As you can see, this claims to be particularly good for long hair, which was even more good news for me, because most hair treatments I’ve tried don’t seem to take into account the fact that those of us with hair past our shoulder blades will get through a whole lot more of the product than people will shorter hair. With that said, the bottle doesn’t look any larger than a standard-sized conditioner, say, so I had my doubts: pushing them to one side, however, I hit the shower the next morning, my trusty Elvive Wonder Water in hand.
How to use Elvive Wonder Water
As the name suggests, this product is a water, rather than a cream, and therein lies the first problem for slightly clumsy people such as myself. It’s used directly after shampooing, and the instructions tell you to use “1 dose for fine to medium textured hair, 2-3 doses for thick to curly textured hair, add 1 more dose if you have extra-long hair”, massage for 8 seconds, then rinse out. I worked out this probably meant I should use 2 doses for my fine-to-medium but extra-long long, but how much is a “dose”, I wondered? And do I apply the the two dozes and THEN lather for 8 seconds, or apply the first, then lather, then the second, then lather again? It’s… hard to understand how I get through the day sometimes, isn’t it?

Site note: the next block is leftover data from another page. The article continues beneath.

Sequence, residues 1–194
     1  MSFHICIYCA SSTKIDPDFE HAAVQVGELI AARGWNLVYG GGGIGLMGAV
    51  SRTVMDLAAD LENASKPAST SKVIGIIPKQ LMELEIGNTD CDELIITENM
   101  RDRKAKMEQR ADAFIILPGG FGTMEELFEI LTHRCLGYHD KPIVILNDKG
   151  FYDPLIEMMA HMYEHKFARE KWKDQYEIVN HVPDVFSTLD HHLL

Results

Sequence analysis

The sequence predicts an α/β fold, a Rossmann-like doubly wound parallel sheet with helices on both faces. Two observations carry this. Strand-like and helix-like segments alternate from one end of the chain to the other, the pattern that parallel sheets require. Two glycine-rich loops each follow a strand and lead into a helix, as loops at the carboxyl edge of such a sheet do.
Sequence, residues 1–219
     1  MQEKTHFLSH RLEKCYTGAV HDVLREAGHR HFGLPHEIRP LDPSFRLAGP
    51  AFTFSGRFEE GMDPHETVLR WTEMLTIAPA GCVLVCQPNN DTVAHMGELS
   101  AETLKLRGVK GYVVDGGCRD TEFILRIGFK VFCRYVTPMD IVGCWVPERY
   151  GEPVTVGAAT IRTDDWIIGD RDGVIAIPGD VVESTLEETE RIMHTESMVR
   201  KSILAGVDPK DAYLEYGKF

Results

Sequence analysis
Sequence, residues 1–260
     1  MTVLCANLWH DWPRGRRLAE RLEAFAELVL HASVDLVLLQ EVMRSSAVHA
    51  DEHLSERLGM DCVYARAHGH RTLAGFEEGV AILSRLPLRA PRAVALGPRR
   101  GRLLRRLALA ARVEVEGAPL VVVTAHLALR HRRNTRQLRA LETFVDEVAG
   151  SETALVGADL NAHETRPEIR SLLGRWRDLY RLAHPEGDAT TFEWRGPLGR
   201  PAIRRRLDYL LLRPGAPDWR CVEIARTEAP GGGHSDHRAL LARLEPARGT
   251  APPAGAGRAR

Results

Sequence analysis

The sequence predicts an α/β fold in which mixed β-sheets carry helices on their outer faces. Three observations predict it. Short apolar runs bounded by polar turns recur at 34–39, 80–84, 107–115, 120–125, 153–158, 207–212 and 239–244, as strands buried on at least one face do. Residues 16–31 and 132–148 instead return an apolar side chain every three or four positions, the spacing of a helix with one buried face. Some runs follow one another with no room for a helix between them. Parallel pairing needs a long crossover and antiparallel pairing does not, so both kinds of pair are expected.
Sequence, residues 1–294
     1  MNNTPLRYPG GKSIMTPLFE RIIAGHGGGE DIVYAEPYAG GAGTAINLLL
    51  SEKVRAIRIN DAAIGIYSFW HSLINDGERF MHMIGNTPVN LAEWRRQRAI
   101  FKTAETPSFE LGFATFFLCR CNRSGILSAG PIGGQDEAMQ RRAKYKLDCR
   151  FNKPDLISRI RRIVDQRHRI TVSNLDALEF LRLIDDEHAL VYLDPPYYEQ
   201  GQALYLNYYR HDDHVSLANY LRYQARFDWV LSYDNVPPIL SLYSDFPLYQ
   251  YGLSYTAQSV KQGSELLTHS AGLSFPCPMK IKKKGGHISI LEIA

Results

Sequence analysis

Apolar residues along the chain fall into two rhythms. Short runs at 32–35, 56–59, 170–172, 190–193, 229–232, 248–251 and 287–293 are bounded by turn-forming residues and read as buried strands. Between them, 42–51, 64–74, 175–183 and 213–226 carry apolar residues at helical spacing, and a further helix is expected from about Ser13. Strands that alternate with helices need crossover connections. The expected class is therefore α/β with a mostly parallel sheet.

In the end, I simply poured the product fairly liberally over my ginger hair, concentrating on the ends (This was actually harder than you might think, given that it’s watery, and you’re in the shower at the time, so you spend a lot of time wondering if you’re actually getting it on your hair, or just pouring it straight down the drain. Or you do if you’re me, anyway.
The good news is that this smells divine, and massages into the hair easily. You can follow it up with conditioner if want to, but I was keen to see how it would perform on its own, so I gave that a miss and proceeded straight to blow-drying my auburn hair.
So, did it work?
In a word, yes. And also no. For reference, my natural red hair is a particularly awesome of poker straight, and also kind of frizzy and dry. I hate the way it looks when it’s straight, so I always wear it wavy, and, as I’m sure you can imagine, the constant use of heat has NOT been kind to it.